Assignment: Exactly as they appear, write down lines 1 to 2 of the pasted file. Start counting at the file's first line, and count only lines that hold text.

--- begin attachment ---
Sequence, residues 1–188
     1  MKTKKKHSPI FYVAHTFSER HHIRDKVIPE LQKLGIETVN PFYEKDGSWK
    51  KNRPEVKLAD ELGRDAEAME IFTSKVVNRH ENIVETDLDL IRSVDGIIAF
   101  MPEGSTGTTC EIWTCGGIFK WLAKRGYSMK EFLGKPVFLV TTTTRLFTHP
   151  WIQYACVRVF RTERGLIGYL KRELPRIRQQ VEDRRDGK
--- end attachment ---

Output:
Sequence, residues 1–188
     1  MKTKKKHSPI FYVAHTFSER HHIRDKVIPE LQKLGIETVN PFYEKDGSWK